IT looks like we have an auspicious beginning in 2020. Another positive economic data has emerged in December that points to a much stronger economy this year.
More foreign travelers are coming to the Philippines, lured by the country’s improving economy and unique natural attractions. The money they bring with them helps boost the domestic economy and support the strength of the peso.
The peso is one of the most resilient Asian currencies last year, advancing more than 3 percent over the past 12 months to settle within a range of 51 to 52 against the US dollar in December 2019. The strong growth of remittances, foreign investments, service exports and international tourism revenues are among the drivers that stabilized the value of the local currency.
Fears that the peso would slide below 55 against the greenback amid the political maneuverings ahead of the 2022 presidential elections proved unfounded, and there are reasons to believe that it will remain stable in the coming years on the back of strong macroeconomic fundamentals.
I personally believe the peso will remain strong, as we are poised to achieve an annual gross domestic product (GDP) growth of at least 6 percent over the next three years. The growth in international visitor arrivals, along with rising tourism receipts, supports this optimism.
Data from the Department of Tourism (DOT) show that international visitor arrivals increased 15 percent in the first 10 months of 2019 to reach a record 6.8 million visitors from 5.91 million in the same period in 2018, led by strong tourism traffic from South Korea and China.
Tourism Secretary Bernadette Romulo Puyat said “the efforts and resolve of the whole tourism industry have paid off with the continued increase in our visitor arrivals and tourist receipts, as well as recognitions from major international award-giving bodies.”
The 10-month figure was only
1.4 million short of the full-year target of 8.2 million international
visitor arrivals in 2019. The final arrival figure in 2019 will surely surpass the 7.1 million visitors registered in 2018, which was a 7.7-percent increase over 2017.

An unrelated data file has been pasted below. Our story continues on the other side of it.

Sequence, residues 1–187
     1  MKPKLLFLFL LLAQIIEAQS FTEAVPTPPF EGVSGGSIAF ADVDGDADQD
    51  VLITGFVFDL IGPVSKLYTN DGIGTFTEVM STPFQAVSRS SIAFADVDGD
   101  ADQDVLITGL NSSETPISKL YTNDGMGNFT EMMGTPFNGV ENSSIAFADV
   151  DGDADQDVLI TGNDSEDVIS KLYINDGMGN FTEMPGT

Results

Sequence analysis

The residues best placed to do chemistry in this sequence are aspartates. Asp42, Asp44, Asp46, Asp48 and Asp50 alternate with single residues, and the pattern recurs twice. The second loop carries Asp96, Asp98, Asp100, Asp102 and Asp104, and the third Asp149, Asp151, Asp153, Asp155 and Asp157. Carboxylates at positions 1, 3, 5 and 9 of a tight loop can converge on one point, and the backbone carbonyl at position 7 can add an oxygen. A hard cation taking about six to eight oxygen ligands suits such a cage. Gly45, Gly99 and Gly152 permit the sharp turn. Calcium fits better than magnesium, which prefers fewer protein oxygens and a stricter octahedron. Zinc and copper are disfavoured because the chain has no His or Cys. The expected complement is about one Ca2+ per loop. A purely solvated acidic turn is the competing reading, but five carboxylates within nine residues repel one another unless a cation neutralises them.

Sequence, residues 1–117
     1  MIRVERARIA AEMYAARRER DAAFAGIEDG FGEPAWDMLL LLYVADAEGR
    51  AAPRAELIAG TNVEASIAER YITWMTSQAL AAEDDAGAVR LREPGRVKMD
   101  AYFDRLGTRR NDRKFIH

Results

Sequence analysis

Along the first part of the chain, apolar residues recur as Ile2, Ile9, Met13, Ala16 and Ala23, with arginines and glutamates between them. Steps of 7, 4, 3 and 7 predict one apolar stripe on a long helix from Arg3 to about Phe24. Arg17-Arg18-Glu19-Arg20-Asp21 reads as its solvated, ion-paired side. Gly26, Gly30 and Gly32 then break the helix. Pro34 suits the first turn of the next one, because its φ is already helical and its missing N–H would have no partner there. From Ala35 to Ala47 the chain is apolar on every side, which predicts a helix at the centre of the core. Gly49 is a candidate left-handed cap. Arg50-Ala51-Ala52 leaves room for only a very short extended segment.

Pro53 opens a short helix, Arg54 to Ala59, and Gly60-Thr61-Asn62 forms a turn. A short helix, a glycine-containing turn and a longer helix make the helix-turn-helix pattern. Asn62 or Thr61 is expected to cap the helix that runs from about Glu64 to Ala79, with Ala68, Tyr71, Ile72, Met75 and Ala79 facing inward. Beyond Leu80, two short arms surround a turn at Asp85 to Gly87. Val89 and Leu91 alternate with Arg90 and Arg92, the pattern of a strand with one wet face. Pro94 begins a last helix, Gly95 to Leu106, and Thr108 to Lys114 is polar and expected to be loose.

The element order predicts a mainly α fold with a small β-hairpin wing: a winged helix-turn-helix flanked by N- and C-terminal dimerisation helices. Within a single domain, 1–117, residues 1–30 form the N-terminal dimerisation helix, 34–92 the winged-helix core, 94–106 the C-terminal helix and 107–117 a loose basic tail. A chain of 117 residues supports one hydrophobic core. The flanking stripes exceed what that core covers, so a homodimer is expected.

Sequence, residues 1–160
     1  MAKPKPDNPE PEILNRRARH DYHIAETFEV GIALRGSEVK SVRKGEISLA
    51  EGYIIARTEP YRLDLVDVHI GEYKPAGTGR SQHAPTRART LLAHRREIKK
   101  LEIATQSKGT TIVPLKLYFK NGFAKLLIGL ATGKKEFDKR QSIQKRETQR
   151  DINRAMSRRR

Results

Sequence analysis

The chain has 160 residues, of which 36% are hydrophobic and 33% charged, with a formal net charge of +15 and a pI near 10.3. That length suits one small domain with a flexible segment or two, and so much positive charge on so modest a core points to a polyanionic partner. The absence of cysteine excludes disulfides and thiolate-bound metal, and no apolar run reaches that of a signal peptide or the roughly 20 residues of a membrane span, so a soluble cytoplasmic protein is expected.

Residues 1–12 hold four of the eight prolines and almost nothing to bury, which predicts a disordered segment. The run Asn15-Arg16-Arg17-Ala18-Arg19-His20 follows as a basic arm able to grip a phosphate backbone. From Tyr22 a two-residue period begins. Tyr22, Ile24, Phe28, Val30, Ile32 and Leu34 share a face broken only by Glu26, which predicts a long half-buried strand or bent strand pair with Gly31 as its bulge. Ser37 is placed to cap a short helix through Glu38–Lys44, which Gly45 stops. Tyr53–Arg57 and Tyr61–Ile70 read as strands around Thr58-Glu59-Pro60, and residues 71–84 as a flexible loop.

While the 10-month tourism receipts were not yet available, data from the DOT show that in the first half of 2019, the tourism industry generated some P245 billion, or $4.7 billion, in revenues. That represented a 17.6-percent growth over the same period in 2018, a figure that most likely helped the peso appreciation.
When foreign tourists land at the airport, the first thing they do is go to the money exchange outlets or banks to buy peso so they can get a taxi cab or buy food. They spend large amounts to stay at hotels and resorts, purchase airplane tickets to the different island destinations, shop at our large malls, dine at different restaurants and buy souvenir items. They stir the provincial economies and, in turn, provide jobs to Filipinos.
A DOT survey found that in the first six months of 2019, foreign tourists spent an average of $120.60 per day and stayed more than nine nights in the Philippines. The tourism industry supported 5.4 million jobs and contributed 12.7 percent, or P2.2 trillion ($42 billion), to the country’s GDP in 2018.
Domestic tourism expenditure, which includes expenses of resident- visitors within the country either as domestic trip or part of an international trip, still accounts for the bulk of the tourism industry.
While the Philippines still has one of the fewest international visitor arrivals in Southeast Asia given its geographic location and archipelagic nature, it emerged as one of the best performing tourism markets this year.
The Philippines posted an 11.4-percent increase in arrivals in the first half of 2019 and 15 percent in the first 10 months, above the 4-percent growth from January to June worldwide. The World Tourism Organization, an attached agency of the United Nations, reported that international tourist arrivals increased 4 percent in the six-month period in 2019 to 671 million from the same period in 2018. It said the growth in arrivals was returning to its historic trend and was in line with UNWTO’s forecast of 3-percent to 4-percent growth in international tourist arrivals for the whole of 2019.
The Philippines is obviously becoming a popular travel destination in Southeast Asia because of our strong economy, safe environment and beautiful tourist spots. Once the infrastructure projects under the “Build, Build, Build” program of President Duterte are completed within the next three years, I believe we will have the capacity to double or triple our visitor arrivals that will quickly translate into more jobs for Filipinos, and will lead to a stronger peso.
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